Flashpoints

Japan Sub-Hunting Planes Conduct Anti-Submarine Warfare Exercise in India

India and Japan conducted an anti-submarine warfare exercise off the western coast of India on April 24.

Franz-Stefan Gady
Japan Sub-Hunting Planes Conduct Anti-Submarine Warfare Exercise in India
Credit: Indian Navy via Twitter

Two Japan Maritime Self Defense Force (JMSDF) P-3C Orion maritime patrol aircraft arrived on April 24 at naval airbase INS Hansa in Goa, a state on the western coast of India, for a joint anti-submarine warfare (ASW) exercise with the Indian Navy, the Indian Ministry of Defense (MoD) said in a statement.

The exercise was held the same day off the coast of Goa in the Arabia Sea. According to the Japanese MoD, focused on interoperability between the two navies with a special emphasis on ASW and inter-service communication.

This marks the third iteration of the bilateral Indo-Japanese ASW exercise.

Last year’s exercise, held in May 2018, involved two JMSDF Kawasaki P-1 maritime patrol aircraft, while the previous year’s iteration of the drill, conducted in October 2017, included two JMSDF P3C Orion maritime patrol aircraft. The Indian Navy, as in the past two iterations of the exercise, will participate with its P-8I Neptune advanced maritime patrol/anti-submarine warfare aircraft and a submarine.

The Indian Navy and the JMSDF have been seeking closer ties over the past years, as I explained in December 2018:

Enjoying this article? Click here to subscribe for full access. Just $5 a month.

 Notably, India and Japan have started formal negotiations over a so-called acquisition and cross-servicing agreement (ACSA) this year, which would allow the Indian Navy access to a Japan Maritime Self Defense Force (JMSDF) base in Djibouti, while the latter would be allowed to use Indian naval installations on, for example, the Andaman and Nicobar Islands located in the Indian Ocean, next to other naval facilities.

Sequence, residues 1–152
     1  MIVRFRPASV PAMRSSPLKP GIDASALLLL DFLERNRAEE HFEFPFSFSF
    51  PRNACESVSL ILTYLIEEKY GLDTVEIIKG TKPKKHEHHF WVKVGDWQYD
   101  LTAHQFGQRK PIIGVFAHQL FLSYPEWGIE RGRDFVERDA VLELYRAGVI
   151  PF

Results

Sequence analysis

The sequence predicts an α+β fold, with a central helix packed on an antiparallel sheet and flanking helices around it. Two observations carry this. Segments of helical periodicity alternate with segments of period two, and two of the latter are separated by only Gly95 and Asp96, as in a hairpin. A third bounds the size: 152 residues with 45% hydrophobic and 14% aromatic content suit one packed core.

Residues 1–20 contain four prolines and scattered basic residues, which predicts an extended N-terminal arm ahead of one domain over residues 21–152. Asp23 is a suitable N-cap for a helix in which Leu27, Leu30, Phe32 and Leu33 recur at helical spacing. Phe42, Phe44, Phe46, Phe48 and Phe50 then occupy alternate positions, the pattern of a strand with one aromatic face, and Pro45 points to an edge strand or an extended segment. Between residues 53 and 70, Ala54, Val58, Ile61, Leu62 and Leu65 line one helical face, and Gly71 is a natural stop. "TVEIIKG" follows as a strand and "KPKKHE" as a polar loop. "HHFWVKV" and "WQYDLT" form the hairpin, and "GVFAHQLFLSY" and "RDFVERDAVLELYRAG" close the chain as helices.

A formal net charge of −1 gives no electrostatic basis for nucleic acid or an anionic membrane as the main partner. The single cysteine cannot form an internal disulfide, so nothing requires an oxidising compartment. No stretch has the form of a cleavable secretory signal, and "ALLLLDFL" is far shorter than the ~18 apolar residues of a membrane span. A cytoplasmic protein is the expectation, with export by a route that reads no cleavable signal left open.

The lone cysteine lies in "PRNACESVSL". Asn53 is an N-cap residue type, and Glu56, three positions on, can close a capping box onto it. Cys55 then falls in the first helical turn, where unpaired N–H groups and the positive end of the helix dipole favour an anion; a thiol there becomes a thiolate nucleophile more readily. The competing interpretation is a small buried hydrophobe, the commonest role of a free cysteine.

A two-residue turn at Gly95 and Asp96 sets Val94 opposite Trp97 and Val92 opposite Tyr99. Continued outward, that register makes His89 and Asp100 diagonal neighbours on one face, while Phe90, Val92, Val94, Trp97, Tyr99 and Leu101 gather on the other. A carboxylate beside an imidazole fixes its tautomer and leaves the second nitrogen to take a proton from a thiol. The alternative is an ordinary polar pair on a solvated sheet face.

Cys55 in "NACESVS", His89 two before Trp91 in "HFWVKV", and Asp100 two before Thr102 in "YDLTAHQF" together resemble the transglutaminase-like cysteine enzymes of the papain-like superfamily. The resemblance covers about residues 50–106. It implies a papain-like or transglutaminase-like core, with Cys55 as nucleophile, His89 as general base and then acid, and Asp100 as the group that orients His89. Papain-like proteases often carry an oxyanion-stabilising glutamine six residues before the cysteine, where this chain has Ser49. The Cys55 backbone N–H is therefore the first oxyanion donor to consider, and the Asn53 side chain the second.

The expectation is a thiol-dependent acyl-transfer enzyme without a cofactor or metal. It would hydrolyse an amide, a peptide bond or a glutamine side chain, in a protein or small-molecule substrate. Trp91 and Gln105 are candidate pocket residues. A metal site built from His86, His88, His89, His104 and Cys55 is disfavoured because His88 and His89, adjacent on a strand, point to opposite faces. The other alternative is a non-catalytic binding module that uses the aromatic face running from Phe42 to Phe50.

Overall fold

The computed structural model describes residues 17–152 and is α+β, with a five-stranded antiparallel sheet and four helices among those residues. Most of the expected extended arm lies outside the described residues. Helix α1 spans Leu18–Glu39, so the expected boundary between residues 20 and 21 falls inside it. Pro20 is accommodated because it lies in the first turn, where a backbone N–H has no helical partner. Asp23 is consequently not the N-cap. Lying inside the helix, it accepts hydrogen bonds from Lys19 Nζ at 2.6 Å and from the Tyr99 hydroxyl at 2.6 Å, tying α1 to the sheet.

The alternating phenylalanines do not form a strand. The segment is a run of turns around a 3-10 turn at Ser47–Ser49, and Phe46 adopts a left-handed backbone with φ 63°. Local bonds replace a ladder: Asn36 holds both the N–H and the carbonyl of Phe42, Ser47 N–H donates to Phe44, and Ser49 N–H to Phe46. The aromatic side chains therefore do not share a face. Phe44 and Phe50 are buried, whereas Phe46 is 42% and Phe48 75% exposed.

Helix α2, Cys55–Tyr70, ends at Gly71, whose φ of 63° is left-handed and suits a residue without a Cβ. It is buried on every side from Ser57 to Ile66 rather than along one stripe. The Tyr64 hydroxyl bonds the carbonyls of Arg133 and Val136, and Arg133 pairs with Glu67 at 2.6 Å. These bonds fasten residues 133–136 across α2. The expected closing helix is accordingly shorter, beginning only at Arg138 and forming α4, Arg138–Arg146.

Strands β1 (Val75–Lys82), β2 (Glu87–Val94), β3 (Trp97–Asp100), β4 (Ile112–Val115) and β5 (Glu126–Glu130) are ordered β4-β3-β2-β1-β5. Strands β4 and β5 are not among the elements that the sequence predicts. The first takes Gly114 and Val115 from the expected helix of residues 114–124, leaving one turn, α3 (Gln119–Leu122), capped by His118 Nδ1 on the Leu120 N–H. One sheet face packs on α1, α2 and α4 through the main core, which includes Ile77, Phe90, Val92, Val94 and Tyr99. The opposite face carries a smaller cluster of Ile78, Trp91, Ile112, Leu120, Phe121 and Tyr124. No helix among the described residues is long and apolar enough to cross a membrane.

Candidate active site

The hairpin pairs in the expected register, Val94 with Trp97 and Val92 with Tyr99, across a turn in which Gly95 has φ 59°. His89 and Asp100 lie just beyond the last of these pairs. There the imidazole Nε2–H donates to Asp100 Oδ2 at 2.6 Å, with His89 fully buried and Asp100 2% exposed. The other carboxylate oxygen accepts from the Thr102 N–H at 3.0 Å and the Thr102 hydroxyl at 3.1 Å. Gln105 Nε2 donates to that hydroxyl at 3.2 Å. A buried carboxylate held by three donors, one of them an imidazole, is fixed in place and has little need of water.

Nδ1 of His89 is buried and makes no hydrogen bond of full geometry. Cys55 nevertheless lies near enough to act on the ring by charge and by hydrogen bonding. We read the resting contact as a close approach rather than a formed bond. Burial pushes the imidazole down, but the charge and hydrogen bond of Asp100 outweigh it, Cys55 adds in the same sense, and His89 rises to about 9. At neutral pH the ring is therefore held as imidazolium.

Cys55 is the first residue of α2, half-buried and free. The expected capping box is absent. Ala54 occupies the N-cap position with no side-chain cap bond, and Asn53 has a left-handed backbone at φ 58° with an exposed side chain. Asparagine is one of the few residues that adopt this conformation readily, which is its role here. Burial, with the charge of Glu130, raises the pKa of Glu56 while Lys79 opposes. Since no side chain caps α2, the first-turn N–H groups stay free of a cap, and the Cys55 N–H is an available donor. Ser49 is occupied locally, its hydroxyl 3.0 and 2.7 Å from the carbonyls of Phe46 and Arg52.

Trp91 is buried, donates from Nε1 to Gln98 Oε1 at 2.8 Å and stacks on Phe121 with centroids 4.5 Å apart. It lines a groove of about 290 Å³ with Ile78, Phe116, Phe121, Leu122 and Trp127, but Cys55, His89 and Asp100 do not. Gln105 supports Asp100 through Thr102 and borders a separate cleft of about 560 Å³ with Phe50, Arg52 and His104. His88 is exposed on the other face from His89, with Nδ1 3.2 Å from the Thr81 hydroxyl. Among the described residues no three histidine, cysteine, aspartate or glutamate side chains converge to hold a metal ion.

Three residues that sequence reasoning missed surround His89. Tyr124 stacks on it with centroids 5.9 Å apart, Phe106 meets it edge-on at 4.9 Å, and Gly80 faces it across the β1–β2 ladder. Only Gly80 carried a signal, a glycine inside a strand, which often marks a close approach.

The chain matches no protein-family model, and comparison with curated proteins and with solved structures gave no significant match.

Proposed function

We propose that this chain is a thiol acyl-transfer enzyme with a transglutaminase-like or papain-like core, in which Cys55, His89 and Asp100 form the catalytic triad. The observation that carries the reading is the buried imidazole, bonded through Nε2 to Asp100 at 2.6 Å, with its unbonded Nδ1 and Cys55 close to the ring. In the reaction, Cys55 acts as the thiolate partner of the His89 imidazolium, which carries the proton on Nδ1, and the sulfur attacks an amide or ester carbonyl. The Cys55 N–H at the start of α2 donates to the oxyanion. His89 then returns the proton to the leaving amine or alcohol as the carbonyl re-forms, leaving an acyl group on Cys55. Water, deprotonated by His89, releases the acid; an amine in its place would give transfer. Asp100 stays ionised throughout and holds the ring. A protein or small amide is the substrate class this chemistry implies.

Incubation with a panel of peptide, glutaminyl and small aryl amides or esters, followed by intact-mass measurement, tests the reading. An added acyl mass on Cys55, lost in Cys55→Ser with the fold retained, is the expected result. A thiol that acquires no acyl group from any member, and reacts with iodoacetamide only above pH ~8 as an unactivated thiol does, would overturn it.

(…) Furthermore in 2015, Japan also became a permanent member of the Malabar naval exercise involving aircraft, ships, and personnel from the Indian, Japanese, and U.S. navies. The 22nd rendition of the naval exercise took place in June 2018 off the coast of Guam.

Interestingly, the Indian Navy participated with more advanced ASW assets than Japan in the April 24 exercise.

The P-8A/I is the military variant of Boeing’s Next-Generation 737-800 commercial aircraft and thought to be one of the world’s most advanced anti-submarine warfare aircraft currently in service. The service’s first P-8I squadron was stood up at Rajali in November 2015. As of April 2019, the Indian Navy operates a fleet of eight P-8I maritime patrol aircraft from Rajali.

The JMSDF currently deploys around 80 Lockheed Martin P-3C Orions, a four-engine turboprop ASW and maritime surveillance aircraft developed for the U.S. Navy in the 1960s. The aircraft are in the process of slowly being phased out and replaced by the more advanced Kawasaki Heavy Industries-1 aircraft. The P-1 first entered service with the JMSDF in 2013. The fleet consists of 13 planes.